Of all the styles available, there really are only three major classifications of beer:

Lager: A lager beer is produced by a bottom fermenting yeast strain that converts sugar to alcohol and carbon dioxide at a slower rate and at a cooler temperature than an ale yeast. It is often less expressive (produces fewer fermentation byproducts) and thus provides a “cleaner” flavor to the beer. Click here to explore…

Ale: An ale is produced by a yeast strain that ferments at a higher temperature and rises to the surface of the beer during fermentation. Since it ferments at a higher temperature, it converts sugar more rapidly, and thus produces more esters (organic compounds that produce a large variety of odors). Click here to explore…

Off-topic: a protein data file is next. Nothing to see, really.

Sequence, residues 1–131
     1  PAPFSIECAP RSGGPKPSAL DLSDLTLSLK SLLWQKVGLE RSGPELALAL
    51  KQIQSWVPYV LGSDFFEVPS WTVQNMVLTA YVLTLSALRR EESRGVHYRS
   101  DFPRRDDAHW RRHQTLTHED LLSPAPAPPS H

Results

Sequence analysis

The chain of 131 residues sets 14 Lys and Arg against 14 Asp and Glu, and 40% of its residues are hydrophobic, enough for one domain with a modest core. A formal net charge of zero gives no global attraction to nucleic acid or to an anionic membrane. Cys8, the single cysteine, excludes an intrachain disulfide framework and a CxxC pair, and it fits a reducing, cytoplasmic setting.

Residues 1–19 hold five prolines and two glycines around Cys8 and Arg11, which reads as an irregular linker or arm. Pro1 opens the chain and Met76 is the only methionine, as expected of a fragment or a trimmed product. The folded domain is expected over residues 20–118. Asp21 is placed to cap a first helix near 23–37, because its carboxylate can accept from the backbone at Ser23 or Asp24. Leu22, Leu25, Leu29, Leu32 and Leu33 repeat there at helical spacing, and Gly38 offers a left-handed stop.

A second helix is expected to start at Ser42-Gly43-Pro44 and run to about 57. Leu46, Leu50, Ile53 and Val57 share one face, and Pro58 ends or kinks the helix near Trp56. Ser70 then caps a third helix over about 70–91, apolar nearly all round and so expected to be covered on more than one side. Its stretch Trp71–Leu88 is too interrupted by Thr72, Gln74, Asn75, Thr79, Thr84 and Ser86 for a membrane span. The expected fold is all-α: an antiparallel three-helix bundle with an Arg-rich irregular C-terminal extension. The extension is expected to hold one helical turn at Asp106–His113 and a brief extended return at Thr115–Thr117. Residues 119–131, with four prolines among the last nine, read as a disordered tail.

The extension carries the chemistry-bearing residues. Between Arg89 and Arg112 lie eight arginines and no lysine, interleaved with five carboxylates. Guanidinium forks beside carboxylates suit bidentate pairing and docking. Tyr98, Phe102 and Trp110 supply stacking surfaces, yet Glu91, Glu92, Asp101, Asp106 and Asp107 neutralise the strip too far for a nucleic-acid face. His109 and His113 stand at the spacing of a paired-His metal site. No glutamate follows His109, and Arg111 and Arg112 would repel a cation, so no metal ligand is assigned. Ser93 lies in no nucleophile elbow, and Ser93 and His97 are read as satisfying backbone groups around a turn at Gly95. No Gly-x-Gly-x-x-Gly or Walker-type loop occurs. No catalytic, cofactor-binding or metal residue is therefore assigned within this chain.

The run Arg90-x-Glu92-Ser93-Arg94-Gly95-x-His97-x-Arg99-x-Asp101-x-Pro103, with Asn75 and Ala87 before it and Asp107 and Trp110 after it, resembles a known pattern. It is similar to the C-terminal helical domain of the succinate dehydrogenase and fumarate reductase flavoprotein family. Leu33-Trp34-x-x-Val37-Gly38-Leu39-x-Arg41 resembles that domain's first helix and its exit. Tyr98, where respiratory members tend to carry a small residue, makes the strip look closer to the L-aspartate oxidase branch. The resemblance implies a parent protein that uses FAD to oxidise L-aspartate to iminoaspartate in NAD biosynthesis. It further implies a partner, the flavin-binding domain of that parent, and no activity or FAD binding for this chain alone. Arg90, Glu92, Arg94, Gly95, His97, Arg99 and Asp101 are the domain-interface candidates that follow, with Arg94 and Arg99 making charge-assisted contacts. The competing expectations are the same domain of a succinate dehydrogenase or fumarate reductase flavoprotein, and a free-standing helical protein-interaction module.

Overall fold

Spontaneous/Natural Fermentation/Wild: This category of ale is produced by exposing the cooled wort to the surrounding air, allowing for any wild/natural bacteria and yeast in the environment to infect and slowly begin the process of fermentation. This type of fermentation produces sour, barnyard, and other “funk” flavors. Due to the unpredictability of this type of fermentation, most wild ales are blended (mix of older and younger ale) prior to bottling, in order to provide a more integrated, well rounded drinking experience. Click here to explore…